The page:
A few days ago I caught a snippet of a half hour cooking show on which this dish was being made that looked delicious and simple. I actually only caught the end of the show, when the dish was coming out of the oven. The chef tasted it, and then did what they all do, gushed effusively with her mouth full. “Mmmm. MMM! That is SO amazing!” Just once I would like to see one of them take a bite and immediately spit it out onto the floor, wipe out their mouth with a dish towel and say “oh wow, what the hell happened there?” I’m just saying, it might make them more relatable.
Did I mention this program is only a half hour long?
I decide this dish looks simple enough for me to make. On a weekday. It’s called “weekday cassoulet”, after all. I go online and check the ingredient list. I check my pantry and fridge. I already have everything! Serendipity. The next evening I come home with realisically around forty-five mintues to make dinner. I print out my cassoulet recipe. Then I see the following, in small print.
Prep time: 30 minutes
Cook time: 1 hour 10 minutes
Inactive prep time: 15 minutes (is this when I stop prepping, have a glass of wine and stare into space?)
Who has an hour and forty minutes on a weeknight to make dinner? I am starting to suspect that the prep time is thirty minutes if you are an expert chef with a team of people to prep everything for you. Like Miss Thing from the cooking show.
I give my daughter a large snack and return to hell. “4 bone-in, skin-on chicken thighs”…Okay, I have boneless, skinless. My bad. “Cut in 1/2 through the bone”. I’m not sure a knife would work, there. I don’t have a hacksaw, so it is fortuitous that my chicken is boneless. “1/2 pound slab of bacon, sliced into large lardons”. What the heck are lardons? I have regular bacon, presliced into what I believe to be standard sized pieces? I assume this will do?
Many vegetables to chop…1/2 cup white wine. I check out my stash. Take away 1/2 cup and there won’t be enough for my “inactive prep time”, which I’m really looking forward to. I send hubby to the liquor store.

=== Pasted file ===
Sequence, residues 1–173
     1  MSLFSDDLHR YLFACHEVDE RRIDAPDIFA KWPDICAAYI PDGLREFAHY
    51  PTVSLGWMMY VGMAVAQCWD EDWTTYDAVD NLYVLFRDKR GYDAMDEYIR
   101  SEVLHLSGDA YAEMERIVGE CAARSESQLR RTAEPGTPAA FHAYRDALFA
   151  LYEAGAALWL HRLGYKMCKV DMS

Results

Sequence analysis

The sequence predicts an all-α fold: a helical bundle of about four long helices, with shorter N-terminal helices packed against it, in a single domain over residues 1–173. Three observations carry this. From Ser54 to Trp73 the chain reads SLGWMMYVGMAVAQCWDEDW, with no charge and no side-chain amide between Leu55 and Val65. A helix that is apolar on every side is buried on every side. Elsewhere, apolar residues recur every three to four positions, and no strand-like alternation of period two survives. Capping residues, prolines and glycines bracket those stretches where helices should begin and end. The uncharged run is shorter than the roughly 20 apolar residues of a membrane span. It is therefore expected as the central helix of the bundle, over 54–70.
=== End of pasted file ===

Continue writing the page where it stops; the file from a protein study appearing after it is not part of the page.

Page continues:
Then follows a series of insane steps. First rendering the bacon fat by cooking the bacon on low heat, until crispy. This takes a very long time. Who cooks bacon on low heat and expects it to get crispy? Then I have to remove it to a plate. Then I must brown the chicken, and remove it to a plate. Repeat this process with several other components, and my countertop is filled with plates of ingredients and a lot of time has gone by, and hubby has not returned with my vino so I’m sipping on what’s left of my stash, and read that I need to use it to deglaze the pan. Crap. I sadly dump the wine into the pan and “carefully layer” all the plated items into a casserole dish. I slide the dish into the oven and survey the scene, greasy plates and vegetable scraps everywhere.
Hubby returns and I start my inactive prep time. Of course, this has been eaten up by the actual prep time, which took FAR LONGER THAN THIRTY MINUTES. I flip through The Joy of Cooking to see if there is a similar recipe made for real people with lives, and find nothing. My daughter wanders into the kitchen and peers around me. “I don’t know why that book is called the Joy of Cooking,” she remarks. ”Every time you read it you get all mad.”
The final steps prevented me from walking away and allowing the oven to do its thing. Oh no. I had to stay there, and after ten minutes remove the lid to the dish and change the oven temperature. Then after another ten minutes I had to take it out, and “artfully arrange” a sliced tomato on top (what the f—, it’s a f—ing tomato) and sprinkle the whole thing with homemade garlic bread crumbs. I flip through the recipe. Nowhere does it allow for prep time for this. Of course! I should have had this in my pantry already! What do you do when you find yourself with a spare fifteen minutes? You should use that window to whip up some homemade garlic bread crumbs. Yummy!
This is why I’m not supposed to watch the Food Network.
The next day, I’m watching the Food Network (instead of what I should be doing, working on my novels, and making garlic bread crumbs) and hubby walks in, and proceeds to deliver a lecture about what happens when I watch the Food Network, causing me to miss all the crucial instructions for the dish being made.
“See?” I huff. “This is why these recipes don’t come out right. I can’t pay attention because you’re yapping at me!”
Hubby sighs. “I think there might be more to it than that.”